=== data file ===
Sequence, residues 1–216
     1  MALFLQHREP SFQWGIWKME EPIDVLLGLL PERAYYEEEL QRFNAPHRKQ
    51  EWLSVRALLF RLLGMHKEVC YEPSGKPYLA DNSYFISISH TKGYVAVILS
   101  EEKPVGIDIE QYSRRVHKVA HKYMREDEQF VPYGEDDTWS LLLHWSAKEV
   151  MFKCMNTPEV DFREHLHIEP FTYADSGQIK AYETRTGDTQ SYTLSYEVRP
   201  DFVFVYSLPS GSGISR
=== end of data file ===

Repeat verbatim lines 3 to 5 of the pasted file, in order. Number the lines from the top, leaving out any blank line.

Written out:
    51  EWLSVRALLF RLLGMHKEVC YEPSGKPYLA DNSYFISISH TKGYVAVILS
   101  EEKPVGIDIE QYSRRVHKVA HKYMREDEQF VPYGEDDTWS LLLHWSAKEV
   151  MFKCMNTPEV DFREHLHIEP FTYADSGQIK AYETRTGDTQ SYTLSYEVRP